Author: Deirdre Pirro

Deirdre Pirro, author of "Italian Sketches: The Faces of Modern Italy", published by The Florentine Press, is an international lawyer who lives and works in Florence. Her writing focuses on modern Italy, its people, its history and its customs. Follow her on Twitter @dp_in_florence or contact her at ddpirro@gmail.com.
May 7, 2018
ART + CULTURE

Porta San Frediano

Seven gates remain as reminders of the third circular wall built between 1284 and 1333 that once surrounded and defended the city of Florence: the Porta al Prato, Porta San Gallo and Porta alla Croce sopra l’Arno on the north side of the Arno river, and the Porta San Frediano, Porta Romana, Porta San Miniato […]
April 9, 2018
ART + CULTURE

Vittorio degli Albizi

The powerful Albizi family whose German roots dated to the time of the Holy Roman Emperor Otto III made its considerable fortune out of importing and selling French wool and in banking. After initially settling in Arezzo, the Albizi—whose name in Old High German derived from albiz, meaning “swan”—transferred to Florence in the 12th century […]
March 1, 2018
ART + CULTURE

Italian Sketches: Howard Pyle

Recognised as the father of American illustration, Howard Pyle forever changed the way we think of our heroes through his vivid, often dramatic black-and-white and colour drawings and paintings, in addition to his adventure writings, especially for young readers, including King Arthur and the Knights of the Round Table, Robin Hood and his Merrie Men, […]
February 2, 2018
ART + CULTURE

Italian Sketches: Alessandro Sinigaglia

After Mussolini fell and the armistice had been signed, German troops occupied Florence for almost a year between September 1943 and August 1944. A climate of fear, suspicion and betrayal pervaded the city while resistance against Italy’s former allies and the remnants of the fascist dictatorship grew stronger as Allied forces moved north along the […]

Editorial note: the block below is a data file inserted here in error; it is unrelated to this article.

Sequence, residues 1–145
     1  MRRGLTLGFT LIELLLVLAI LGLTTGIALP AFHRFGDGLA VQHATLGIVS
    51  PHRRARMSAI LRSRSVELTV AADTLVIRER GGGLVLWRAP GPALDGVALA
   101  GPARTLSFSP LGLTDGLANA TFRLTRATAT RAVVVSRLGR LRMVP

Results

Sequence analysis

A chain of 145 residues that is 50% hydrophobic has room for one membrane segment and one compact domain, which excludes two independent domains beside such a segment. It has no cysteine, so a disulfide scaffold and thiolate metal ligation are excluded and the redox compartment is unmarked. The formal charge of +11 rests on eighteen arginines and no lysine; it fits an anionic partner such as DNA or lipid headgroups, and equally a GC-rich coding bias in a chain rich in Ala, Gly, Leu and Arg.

January 15, 2018
ART + CULTURE

The statue of Ubaldino Peruzzi

Two statues stand facing each other across piazza Indipendenza. One depicts Ubaldino Peruzzi de’ Medici, the first mayor of Florence and a minister in the newly proclaimed united Italy, and the other captures the moderate liberal politician and twice prime minister Baron Bettino Ricasoli, both of whom were prominent figures in the bloodless coup that […]
November 30, 2017
ART + CULTURE

The origins of Tombola

Traditionally, Christmas Day is a family occasion in Italian households when all members, from elderly grandparents to newly born babies, gather around the table. After lunch, when the dishes have been cleared away, an odd assortment of objects take their place, ready to play tombola, a game not unlike bingo. Throughout the country, the most […]
October 26, 2017
ART + CULTURE

Piazzale Michelangelo

Every year, thousands of people from all over the world visit piazzale Michelangelo to take photographs of the spectacular view it gives of the bridges over the Arno river and Florence’s major landmarks, from Forte Belvedere to Santa Croce basilica, encompassing Ponte Vecchio, the Duomo, the Uffizi, the Palazzo Vecchio, the Bargello museum and the […]
September 28, 2017
ART + CULTURE

The Leopolda Station

On September 15, 1861, the king of the newly unified Italy Vittorio Emanuele II inaugurated the first Italian National Exhibition of Agricultural and Industrial Products and Fine Arts in Florence at the Leopolda railway station at Porta al Prato. Construction of that station named after Grand Duke Leopoldo II had lasted from 1841 to 1848 […]
September 8, 2017
ART + CULTURE

Andrei Tarkovsky

At number 91 via San Niccolò in the elegant, almost secretive Florentine neighbourhood of the same name, there is a plaque in Italian dedicated to one of the world’s greatest film directors. It tells us that the Russian “Andrei Tarkovsky, sublime director of a spiritual cinema in exile in Florence, spent the last years of […]
July 6, 2017
ART + CULTURE

Santa Maria Nuova

A hospital is usually the last place you want to go to unless absolutely necessary. But in Florence, it’s different. In the middle of town there is a hospital that has been caring for tourists and residents over the last 700 years, never missing a single day, even during plagues, revolutions, wars or natural disasters: […]